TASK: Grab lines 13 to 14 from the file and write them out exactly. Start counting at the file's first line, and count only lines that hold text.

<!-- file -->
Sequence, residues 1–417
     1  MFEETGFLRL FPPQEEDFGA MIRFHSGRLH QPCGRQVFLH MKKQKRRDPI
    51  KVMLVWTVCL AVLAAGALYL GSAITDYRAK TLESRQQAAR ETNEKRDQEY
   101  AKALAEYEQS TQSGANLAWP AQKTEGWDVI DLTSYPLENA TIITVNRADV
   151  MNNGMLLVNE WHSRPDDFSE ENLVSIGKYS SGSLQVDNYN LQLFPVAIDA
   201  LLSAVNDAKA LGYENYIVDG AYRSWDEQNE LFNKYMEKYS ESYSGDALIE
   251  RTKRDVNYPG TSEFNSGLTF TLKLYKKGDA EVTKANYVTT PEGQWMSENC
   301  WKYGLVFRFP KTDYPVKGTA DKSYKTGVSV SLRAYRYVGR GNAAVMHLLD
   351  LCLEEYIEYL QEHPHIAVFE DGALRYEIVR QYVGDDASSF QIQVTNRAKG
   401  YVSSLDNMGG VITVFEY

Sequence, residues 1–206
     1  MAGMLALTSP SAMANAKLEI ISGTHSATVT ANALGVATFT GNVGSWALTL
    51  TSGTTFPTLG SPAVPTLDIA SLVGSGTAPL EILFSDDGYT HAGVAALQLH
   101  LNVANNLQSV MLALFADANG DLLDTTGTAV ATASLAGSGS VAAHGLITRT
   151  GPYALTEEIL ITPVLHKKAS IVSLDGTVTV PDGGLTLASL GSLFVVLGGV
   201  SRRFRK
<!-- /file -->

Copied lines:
    51  TSGTTFPTLG SPAVPTLDIA SLVGSGTAPL EILFSDDGYT HAGVAALQLH
   101  LNVANNLQSV MLALFADANG DLLDTTGTAV ATASLAGSGS VAAHGLITRT